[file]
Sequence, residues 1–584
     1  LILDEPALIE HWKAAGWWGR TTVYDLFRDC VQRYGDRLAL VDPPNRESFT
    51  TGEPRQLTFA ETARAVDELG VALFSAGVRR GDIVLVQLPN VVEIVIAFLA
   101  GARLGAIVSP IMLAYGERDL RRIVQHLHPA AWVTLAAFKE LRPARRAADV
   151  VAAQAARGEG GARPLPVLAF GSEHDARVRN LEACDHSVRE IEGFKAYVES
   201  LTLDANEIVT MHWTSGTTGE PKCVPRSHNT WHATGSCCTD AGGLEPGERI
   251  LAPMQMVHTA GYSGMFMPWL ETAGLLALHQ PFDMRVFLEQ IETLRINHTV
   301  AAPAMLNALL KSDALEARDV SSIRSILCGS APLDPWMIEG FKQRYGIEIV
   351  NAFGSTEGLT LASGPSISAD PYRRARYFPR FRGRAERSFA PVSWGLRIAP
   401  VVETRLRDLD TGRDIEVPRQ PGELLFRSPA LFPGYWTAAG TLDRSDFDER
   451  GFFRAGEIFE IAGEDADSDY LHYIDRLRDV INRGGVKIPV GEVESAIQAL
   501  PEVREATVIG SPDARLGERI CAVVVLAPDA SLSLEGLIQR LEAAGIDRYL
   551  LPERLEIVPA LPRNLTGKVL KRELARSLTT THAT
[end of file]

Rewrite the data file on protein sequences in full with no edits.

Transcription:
Sequence, residues 1–584
     1  LILDEPALIE HWKAAGWWGR TTVYDLFRDC VQRYGDRLAL VDPPNRESFT
    51  TGEPRQLTFA ETARAVDELG VALFSAGVRR GDIVLVQLPN VVEIVIAFLA
   101  GARLGAIVSP IMLAYGERDL RRIVQHLHPA AWVTLAAFKE LRPARRAADV
   151  VAAQAARGEG GARPLPVLAF GSEHDARVRN LEACDHSVRE IEGFKAYVES
   201  LTLDANEIVT MHWTSGTTGE PKCVPRSHNT WHATGSCCTD AGGLEPGERI
   251  LAPMQMVHTA GYSGMFMPWL ETAGLLALHQ PFDMRVFLEQ IETLRINHTV
   301  AAPAMLNALL KSDALEARDV SSIRSILCGS APLDPWMIEG FKQRYGIEIV
   351  NAFGSTEGLT LASGPSISAD PYRRARYFPR FRGRAERSFA PVSWGLRIAP
   401  VVETRLRDLD TGRDIEVPRQ PGELLFRSPA LFPGYWTAAG TLDRSDFDER
   451  GFFRAGEIFE IAGEDADSDY LHYIDRLRDV INRGGVKIPV GEVESAIQAL
   501  PEVREATVIG SPDARLGERI CAVVVLAPDA SLSLEGLIQR LEAAGIDRYL
   551  LPERLEIVPA LPRNLTGKVL KRELARSLTT THAT